13. Thanks everyone for the responses. I will pass them on. In my own researches I have discovered that the University of Toronto offers graduate level studies in PA. Most excitingly, the University of Victoria, BC has developed a whole undergraduate programme, with scholarships available, under the tutelage of internationally renowned composer and performer Jelena Milojević.
  14. I apologize for the lack of concertina content, but the members of this forum are a font of knowledge! A young friend would like to study music composition at the university level. Her instrument of choice is the piano accordion, which she has played since she was a little girl, and is very accomplished on. Is anyone aware of any North American (preferably Canadian) universities that will allow non-traditional instruments?
  15. "Tell me how pitch can be lowered by simply removing material from a reed?" You can lower the pitch by removing a bit of material from the base (clamped end) of the reed.
  16. Maybe not useful advice for your beginner phase, but a few of the modern top-end makers do offer adjustable hand rests. Carroll concertinas uses a system that lets you move the rest forward and back, and vary the angle relative to the button rows. Kensington offers different sizes of ergonomically shaped (and very beautiful) hand rests that can be easily swapped. There may be some others that I haven't encountered.
  17. Maybe a weak spring is letting the pad lift on the push?
  18. Good advice from Rod and David. I would add one tip. My secret weapon is to use a damp, 100% woolen sock, rather than the cloth Rod mentions. It does a great job of smoothing, pressing, and removing excess glue without "catching" the leather and shifting it the way a regular cloth sometimes does.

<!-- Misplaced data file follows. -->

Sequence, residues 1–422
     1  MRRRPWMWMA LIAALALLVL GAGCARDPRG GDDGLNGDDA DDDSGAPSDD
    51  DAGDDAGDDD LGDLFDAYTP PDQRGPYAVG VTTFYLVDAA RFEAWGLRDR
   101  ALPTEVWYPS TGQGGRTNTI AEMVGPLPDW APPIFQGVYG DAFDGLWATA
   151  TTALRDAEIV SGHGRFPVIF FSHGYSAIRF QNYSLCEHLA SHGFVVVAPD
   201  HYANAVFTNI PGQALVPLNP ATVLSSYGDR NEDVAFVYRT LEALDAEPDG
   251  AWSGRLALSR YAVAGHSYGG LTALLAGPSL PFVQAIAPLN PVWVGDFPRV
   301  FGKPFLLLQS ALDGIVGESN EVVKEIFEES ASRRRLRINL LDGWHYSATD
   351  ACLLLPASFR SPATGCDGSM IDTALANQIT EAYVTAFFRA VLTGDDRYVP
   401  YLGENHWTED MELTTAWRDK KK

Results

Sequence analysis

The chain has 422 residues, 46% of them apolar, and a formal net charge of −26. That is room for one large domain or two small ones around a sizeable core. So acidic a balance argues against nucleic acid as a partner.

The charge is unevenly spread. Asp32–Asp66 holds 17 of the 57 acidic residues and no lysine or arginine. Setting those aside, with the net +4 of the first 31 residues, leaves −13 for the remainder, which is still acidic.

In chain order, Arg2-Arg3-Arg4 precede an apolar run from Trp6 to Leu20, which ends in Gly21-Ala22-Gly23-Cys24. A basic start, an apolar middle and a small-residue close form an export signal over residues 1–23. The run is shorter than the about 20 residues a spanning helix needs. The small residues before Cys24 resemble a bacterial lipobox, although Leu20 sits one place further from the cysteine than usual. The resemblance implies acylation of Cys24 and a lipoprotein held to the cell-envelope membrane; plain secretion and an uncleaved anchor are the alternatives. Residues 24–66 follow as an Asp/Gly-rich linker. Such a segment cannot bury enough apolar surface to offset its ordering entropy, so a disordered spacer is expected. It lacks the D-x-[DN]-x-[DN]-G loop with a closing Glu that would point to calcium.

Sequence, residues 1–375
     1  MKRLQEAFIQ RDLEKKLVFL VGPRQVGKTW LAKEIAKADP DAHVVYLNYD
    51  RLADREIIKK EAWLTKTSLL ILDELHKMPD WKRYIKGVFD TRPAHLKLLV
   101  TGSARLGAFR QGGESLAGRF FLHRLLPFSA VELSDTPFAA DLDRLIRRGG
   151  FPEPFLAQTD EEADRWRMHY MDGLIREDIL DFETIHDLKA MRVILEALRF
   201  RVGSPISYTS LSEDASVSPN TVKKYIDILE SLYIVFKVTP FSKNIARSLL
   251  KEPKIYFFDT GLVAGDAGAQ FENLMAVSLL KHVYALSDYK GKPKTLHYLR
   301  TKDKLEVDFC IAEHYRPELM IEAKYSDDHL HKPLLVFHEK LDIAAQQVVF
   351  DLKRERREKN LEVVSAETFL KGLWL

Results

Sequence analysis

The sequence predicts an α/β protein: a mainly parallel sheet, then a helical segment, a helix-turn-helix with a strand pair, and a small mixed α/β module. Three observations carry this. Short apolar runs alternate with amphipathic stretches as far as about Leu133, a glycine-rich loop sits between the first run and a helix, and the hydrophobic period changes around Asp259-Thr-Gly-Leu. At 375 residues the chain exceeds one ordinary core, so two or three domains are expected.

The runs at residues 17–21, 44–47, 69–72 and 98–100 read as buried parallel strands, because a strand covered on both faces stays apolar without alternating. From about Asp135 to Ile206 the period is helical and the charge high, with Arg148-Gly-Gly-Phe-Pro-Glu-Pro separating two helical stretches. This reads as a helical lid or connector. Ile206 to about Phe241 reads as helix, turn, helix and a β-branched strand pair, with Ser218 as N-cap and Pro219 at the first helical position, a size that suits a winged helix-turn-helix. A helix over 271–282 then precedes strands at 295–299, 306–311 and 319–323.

19. "This was my first non-hybrid concertina..." I don't want to stomp on your thread, but your Herrington is indeed a hybrid (although a very high-quality one). It uses superior accordion style reeds rather than individual, traditional concertina reeds. Still, a very nice instrument and a very fair price.
  20. Sorry for the thread drift, but what is that tune? (lovely playing, and Bb/F is my favourite tuning)
  21. Those are typical issues for that style of action. The other typical failure (which might be related to the grinding and metal shavings): The brown rubber sleeves in your 3rd photo dry out and lose their "spring" and no longer do a good job keeping the buttons tightly in place. The buttons can wobble around, and the slotted shaft can move too much on the lever arm, thereby causing undo wear. An easy upgrade is to replace them with short lengths of silicone tubing (I've used model aircraft fuel line). There are some good threads on that topic here.
  22. If there are any screws (usually only 2) you''d be able to feel them through the fabric. They're usually just driven into the frame at an angle, so they will definitely be easy to feel. I've had luck using the perpendicular reed block as a "handle" to gently but firmly rock/wiggle and pull at the same time.
  23. Sometimes there are a couple of little wood screws right at the edge of the reed board. Maybe hiding under the fabric of the seal? If not, it's probably just a friction fit, and some firm wiggling and tugging should pull it out.
  24. There haven't been a lot of similar sales here to base it on, but that would be the optimistic end of the range I think. 5 or 6 years ago a similar instrument went begging for a buyer at 2000 pounds.